Sonny Landreth used to blow the trumpet--now he blows people's minds with his bottleneck slide guitar.
Before becoming the main man in the '90s, Landreth gained fame as a sideman for the likes of John Hiatt, John Mayall, Zachary Richard, Michael Martin Murphey, Clifton Chenier and Beausoleil. Touring incessantly, Landreth--who opens for blues great Buddy Guy on Saturday night at Ventura Theatre--is even popular in France, a hard sell for Americans who aren't Jerry Lewis.
Bio writers who know a lot of adjectives compare Landreth to such virtuosos as David Lindley, Jimi Hendrix, Chet Atkins and Ry Cooder, among others. Mississippi-born, Landreth moved to Louisiana as a kid in 1951 and still lives in Lafayette, a town full of good bands where he more than holds his own with his version of Bayou rock. His second album, "South of I-10," is just out on Zoo Records, one of RCA's many aliases.
During a recent phone interview, Landreth discussed what's what.
With the new album, you're just another rich guitar player?
No, and I don't think I'll ever be. I'm just hoping to recoup, but (the album) is doing much better than the first one. I've done all the trench work out in the sticks. I guess this is just a new kind of trench.
What's it like going from the sideman to the main man?
There's obviously more responsibility, but I did a lot of that stuff before with John Hiatt, and I had my own band before that. All of that helped me scope out the fire without being in the middle of it.
What's it like being mentioned in the same sentence with all these famous rock stars?
It's overwhelming at times to be mentioned with some of those names that come up. But I've been doing this for a lot of years. I guess I'm just another 25- to 30-year overnight sensation.
How did playing trumpet apply to playing guitar?
I started the trumpet when I was 10, the guitar at 13. From the trumpet, I learned to read music, developed a sense of dynamics and I found my own style. With a horn, you have to take a breath, which influences your phrasing. Once someone told me I played guitar like a horn player. Since I started from a different situation, I was able to develop my own style.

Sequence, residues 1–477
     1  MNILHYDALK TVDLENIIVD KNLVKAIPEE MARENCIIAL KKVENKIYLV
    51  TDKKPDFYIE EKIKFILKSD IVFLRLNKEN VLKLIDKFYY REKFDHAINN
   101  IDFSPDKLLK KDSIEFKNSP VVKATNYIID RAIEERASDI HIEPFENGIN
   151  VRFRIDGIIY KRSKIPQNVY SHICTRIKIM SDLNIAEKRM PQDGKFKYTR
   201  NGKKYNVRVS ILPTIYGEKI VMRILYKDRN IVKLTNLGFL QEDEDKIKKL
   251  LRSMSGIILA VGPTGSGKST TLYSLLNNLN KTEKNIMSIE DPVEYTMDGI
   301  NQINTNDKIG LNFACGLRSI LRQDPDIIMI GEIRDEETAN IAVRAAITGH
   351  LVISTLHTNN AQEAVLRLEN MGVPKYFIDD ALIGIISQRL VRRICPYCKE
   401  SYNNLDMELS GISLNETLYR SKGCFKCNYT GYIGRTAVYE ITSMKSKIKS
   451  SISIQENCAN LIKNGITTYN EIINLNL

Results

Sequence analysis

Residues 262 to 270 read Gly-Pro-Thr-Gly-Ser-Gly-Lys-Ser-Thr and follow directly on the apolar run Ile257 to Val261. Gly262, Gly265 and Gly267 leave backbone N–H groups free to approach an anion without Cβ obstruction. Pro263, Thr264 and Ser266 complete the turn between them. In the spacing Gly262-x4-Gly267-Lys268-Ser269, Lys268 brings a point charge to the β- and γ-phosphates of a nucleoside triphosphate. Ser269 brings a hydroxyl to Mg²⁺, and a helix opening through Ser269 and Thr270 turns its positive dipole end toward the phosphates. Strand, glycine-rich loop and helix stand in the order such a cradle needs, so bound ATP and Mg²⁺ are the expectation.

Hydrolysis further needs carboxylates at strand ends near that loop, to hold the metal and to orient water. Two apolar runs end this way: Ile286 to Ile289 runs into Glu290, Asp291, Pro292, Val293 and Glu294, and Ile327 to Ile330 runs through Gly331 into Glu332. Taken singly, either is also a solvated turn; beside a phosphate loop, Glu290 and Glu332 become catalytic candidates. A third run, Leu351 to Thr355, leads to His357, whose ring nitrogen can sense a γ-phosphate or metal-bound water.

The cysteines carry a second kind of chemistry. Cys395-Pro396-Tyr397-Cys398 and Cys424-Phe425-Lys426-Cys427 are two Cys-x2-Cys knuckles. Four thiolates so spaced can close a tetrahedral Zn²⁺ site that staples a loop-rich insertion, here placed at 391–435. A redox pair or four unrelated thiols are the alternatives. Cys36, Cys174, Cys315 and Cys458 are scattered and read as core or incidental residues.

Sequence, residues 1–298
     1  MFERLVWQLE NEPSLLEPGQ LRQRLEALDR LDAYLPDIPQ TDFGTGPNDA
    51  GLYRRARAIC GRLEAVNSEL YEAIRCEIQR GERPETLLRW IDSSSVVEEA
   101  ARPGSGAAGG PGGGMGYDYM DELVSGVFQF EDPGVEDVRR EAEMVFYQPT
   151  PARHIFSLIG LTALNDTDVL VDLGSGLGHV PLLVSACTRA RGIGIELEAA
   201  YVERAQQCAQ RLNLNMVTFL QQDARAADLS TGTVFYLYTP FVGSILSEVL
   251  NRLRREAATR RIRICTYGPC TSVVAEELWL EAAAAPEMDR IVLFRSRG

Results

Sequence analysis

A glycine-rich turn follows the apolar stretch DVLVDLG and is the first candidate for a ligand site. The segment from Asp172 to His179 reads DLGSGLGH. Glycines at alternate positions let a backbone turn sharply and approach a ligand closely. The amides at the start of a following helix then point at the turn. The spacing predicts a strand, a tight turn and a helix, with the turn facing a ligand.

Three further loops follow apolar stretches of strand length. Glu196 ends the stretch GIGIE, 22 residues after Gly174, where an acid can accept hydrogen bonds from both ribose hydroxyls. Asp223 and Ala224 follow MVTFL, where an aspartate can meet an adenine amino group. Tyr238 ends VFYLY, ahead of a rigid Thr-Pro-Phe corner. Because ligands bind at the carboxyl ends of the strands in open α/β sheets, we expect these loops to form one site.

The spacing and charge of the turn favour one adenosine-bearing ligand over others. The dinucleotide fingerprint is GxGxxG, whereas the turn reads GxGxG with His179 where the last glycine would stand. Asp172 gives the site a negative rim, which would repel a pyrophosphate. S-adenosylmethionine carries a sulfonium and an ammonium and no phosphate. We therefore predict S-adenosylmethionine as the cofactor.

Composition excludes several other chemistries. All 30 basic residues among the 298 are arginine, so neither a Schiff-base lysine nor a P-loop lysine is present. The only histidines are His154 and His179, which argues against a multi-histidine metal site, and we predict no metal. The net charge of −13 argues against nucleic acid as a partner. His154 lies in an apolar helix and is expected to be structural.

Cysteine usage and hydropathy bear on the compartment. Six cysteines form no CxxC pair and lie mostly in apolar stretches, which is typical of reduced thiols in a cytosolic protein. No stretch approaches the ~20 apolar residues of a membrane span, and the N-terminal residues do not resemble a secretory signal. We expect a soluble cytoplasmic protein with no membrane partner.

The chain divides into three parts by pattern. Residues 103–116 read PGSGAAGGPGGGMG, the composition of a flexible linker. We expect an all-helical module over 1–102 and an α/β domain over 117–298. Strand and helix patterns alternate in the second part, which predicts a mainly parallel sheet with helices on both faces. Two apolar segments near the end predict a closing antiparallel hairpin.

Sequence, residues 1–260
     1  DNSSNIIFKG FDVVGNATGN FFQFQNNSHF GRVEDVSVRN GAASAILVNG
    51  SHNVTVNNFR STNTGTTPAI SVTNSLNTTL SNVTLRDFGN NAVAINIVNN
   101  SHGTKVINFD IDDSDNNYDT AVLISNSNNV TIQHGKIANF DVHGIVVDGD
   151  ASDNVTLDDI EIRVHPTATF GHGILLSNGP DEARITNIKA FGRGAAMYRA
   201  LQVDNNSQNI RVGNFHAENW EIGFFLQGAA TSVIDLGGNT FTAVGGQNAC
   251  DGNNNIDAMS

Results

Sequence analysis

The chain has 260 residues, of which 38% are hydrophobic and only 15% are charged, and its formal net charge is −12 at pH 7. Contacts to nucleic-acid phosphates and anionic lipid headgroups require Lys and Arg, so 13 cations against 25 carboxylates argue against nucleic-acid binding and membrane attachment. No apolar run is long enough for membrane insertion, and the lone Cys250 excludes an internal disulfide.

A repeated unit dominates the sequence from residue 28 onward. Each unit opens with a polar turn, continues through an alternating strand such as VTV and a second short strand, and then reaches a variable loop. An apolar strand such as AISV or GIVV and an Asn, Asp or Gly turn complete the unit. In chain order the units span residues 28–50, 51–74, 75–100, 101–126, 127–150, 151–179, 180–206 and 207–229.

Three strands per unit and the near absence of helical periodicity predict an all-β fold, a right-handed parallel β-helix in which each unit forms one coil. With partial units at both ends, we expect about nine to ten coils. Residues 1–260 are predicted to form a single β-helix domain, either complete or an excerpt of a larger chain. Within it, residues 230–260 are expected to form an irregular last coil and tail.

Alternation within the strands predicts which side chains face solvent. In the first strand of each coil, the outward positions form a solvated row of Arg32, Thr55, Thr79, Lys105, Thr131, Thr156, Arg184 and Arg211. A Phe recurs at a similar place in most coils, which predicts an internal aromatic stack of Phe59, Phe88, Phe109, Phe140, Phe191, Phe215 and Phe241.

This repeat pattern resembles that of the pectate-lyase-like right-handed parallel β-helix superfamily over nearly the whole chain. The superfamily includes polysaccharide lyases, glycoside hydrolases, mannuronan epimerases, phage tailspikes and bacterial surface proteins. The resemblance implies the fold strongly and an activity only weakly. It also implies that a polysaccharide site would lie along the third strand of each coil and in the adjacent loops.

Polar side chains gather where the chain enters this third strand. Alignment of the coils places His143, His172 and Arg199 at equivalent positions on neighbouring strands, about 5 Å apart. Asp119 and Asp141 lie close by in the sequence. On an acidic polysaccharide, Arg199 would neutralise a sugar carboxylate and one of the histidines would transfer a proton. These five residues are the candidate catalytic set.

What's Southern rock and where do you fit into it?
You know, I don't think about that stuff anymore. I think this album is a rock album. I grew up listening to Cajun, zydeco, jazz, rock and blues, and all the diverse instruments used to make traditional music such as the fiddle, triangle or rub board.
What's up in Lafayette?
It's a great place with a wonderful culture and wonderful people. I think it has something to do with the Delta. It's a very cross-cultural experience where different people from different cultures came together and brought a lot of different influences. There's African and French influences and even German influences--they brought the accordion. And there's the blues.
What's up in France?
I've traveled through there a lot over the years. The first time was in 1980 with Zachary Richard, then several times with John Hiatt, and I played with some French artists. I got something started and now I have friends there. Generally speaking, they have a fascination for American music. Art goes way back there. They do research.
How do you survive on the road?
Well, you have to set your boundaries and know what you're in for. Forget about home because you have to restructure your life. You have to pace yourself so you don't burn out. It happens all the time.
How does an artist get on MTV and the radio?
I dunno about MTV, but this Triple A format--that's Adult Album Alternative--is working for me. I know all these categories makes it confusing, but this one serves the late 20s early 30s demographic, plus there's a major station in all the major markets. It's sort of like FM used to be before it became so tightly formatted. I've never had any airplay in my life before this. If people don't hear the music, they're not going to buy it.
How do you come up with a song?
I'm becoming a bit more deliberate. I want my songs to sound good 10 years later and stand the test of time. If I'm writing lyrics, sometimes I get ideas about the guitar, or if I'm playing the guitar, I get lyric ideas. It's pretty typical. From writing at home to recording to playing it live, it takes a while.
What advice would you give to aspiring musicians?
You have to start by believing in yourself because there's times when you'll be the only one. Then you must develop your craft and have something special and unique, and learn your own style.
Where will you be in five years?
I hope to still be doing what I'm doing, but evolving. It's an evolutionary process. You know, there's music and the music business, which demands a certain amount of success. My label has given me complete creative freedom and has been very supportive. I get to meet a lot of cool people in a lot of different countries. I'm very fortunate.
(BEGIN TEXT OF INFOBOX / INFOGRAPHIC)
* WHO: Buddy Guy, Sonny Landreth.
* WHEN: Saturday, 8 p.m.
* WHERE: Ventura Theatre, 26 Chestnut St., Ventura.
* HOW MUCH: $21.50.
* CALL: 648-1888.